air incorporated into the product during the freezing process. An overrun of 50% means
that it has expanded 50% (for example: one gallon of mix will make one and a half gallons
of finished product). "Gravity" fed units typically yield on average about 35% overrun.
"Pressurized" units can yield 65% overrun or greater. For best quality and appearance of
soft serve a 50-60% overrun is the most desirable. How well the machine is operating as
well as if it is "gravity" or "pressurized" affects the overrun that is ultimately attainable.
Why It matters
Overrun shows in both the appearance and taste of the ice cream and your profitability. Soft
serve with the optimal overrun is dry in appearance and stands up well without drooping.
Many people may say that a product is "too warm" when in fact it is cold enough but lacks
the proper amount of air which gives it structure and body. Think of the example of
whipping cream. Without air it looks like milk. After air or "overrun is whipped in it gains
body and can be turned upside-down. Product that is over beaten loses the ability to hold
air. Some machines try to compensate for the lack of overrun by driving down the
temperature of the product Although it helps to "stiffen it up" the product becomes icy and
loses its creaminess and taste. Overrun also affects profits by the perceived amount of
product that is being served. Without enough overrun youre forced to make a choice. To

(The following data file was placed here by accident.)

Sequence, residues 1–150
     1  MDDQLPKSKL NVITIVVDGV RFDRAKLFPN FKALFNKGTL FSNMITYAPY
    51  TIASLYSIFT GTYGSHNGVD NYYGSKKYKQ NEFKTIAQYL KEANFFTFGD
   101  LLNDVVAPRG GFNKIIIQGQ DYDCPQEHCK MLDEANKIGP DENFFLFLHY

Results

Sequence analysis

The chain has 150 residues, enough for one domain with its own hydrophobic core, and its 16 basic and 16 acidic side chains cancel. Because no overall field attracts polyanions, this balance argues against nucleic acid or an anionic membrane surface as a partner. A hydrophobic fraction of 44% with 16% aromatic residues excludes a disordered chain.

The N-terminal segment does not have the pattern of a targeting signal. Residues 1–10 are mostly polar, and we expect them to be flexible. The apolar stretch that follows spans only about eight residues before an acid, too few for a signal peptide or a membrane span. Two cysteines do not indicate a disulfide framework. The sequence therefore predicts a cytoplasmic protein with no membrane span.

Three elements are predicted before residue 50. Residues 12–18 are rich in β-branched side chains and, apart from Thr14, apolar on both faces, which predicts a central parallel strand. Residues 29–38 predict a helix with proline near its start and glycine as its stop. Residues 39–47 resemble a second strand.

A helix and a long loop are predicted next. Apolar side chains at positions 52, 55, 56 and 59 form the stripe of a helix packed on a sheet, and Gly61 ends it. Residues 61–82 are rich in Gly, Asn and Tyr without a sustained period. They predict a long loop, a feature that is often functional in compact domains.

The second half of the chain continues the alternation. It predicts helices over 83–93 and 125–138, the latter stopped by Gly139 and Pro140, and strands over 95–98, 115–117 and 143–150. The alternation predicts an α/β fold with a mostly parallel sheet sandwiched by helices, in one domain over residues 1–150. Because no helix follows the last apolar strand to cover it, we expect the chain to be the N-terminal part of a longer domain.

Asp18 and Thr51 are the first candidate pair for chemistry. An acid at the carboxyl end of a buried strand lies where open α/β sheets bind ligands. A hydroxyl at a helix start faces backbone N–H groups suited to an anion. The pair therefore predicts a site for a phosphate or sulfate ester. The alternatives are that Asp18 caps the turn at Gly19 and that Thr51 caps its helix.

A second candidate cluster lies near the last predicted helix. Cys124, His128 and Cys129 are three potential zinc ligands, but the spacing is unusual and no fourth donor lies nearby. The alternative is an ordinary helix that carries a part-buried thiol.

maintain your product costs you either serve a "small" cone and make a disgruntled
customer or give away more product. Higher overrun makes creamy ice cream and a "big"

Pumps in pressurized machines
Pressurized machines use pumps to transfer the mix to the freezing cylinder and pressurize
it. Some machines use piston pumps with "O" rings and check mechanisms. Some use
peristaltic tubes that require no lubrication and have many fewer parts. This makes for
easier cleaning. The amount of pressurization ranges from 18# to 30# depending on the
brand of machine and design of the pump. The higher the pressure the better the air
incorporation. (Hint: Electro Freeze pressurized machines use 30# pressure switches)

How the pumps are controlled (turned on and off) is very important. The best systems use
pressure switches that maintain the correct pressure, air and mix. Some machines use less
desirable "timed pumps" that turn on during product draw and remain on for a "timed"
amount after the end of the draw. They can not compensate for varying draw speeds or
volumes so careful timing of the draw rate is required. To assure the barrel is pressurized
enough the pump is timed so that it pumps more than enough and then "blows off" excess
pressure back into the mix reservoir after every draw. This shows as bubbles in the hopper
and low/inconsistent overrun. Electro Freeze machines do not use "timed pumps".
Calculating overrun
Overrun can be calculated by weighing a container (pints are most often used) and making
a note of it so it can be subtracted later. Note how much the container weighs filled with